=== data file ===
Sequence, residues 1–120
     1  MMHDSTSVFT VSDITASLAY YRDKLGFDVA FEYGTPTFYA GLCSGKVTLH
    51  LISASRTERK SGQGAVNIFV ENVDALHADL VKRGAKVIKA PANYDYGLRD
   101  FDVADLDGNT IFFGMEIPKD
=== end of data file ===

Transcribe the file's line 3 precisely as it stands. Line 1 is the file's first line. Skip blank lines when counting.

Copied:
    51  LISASRTERK SGQGAVNIFV ENVDALHADL VKRGAKVIKA PANYDYGLRD